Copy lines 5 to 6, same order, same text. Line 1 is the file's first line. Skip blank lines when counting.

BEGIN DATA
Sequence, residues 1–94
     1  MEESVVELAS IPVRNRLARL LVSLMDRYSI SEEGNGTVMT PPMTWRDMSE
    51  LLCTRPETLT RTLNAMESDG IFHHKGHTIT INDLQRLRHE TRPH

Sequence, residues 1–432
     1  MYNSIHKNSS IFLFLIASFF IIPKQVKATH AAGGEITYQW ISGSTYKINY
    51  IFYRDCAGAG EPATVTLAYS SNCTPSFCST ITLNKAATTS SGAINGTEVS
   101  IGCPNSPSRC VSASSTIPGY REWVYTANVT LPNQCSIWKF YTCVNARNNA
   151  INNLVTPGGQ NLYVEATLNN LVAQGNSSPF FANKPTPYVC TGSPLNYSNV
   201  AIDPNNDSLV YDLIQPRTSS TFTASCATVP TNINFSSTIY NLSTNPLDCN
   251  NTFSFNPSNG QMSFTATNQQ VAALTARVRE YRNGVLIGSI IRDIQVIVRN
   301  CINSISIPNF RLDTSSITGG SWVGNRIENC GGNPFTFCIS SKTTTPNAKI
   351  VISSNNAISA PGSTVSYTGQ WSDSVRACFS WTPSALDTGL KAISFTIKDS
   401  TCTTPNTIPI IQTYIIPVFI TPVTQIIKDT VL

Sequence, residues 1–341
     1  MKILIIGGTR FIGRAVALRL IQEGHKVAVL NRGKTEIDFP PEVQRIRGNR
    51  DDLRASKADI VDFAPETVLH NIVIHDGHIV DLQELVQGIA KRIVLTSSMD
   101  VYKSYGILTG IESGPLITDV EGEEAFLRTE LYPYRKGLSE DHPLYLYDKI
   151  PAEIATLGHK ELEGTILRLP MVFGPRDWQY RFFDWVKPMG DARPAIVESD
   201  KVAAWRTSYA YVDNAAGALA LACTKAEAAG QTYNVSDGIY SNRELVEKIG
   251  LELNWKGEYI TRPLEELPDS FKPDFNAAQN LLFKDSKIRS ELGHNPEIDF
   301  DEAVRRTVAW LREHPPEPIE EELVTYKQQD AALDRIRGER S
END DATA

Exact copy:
     1  MYNSIHKNSS IFLFLIASFF IIPKQVKATH AAGGEITYQW ISGSTYKINY
    51  IFYRDCAGAG EPATVTLAYS SNCTPSFCST ITLNKAATTS SGAINGTEVS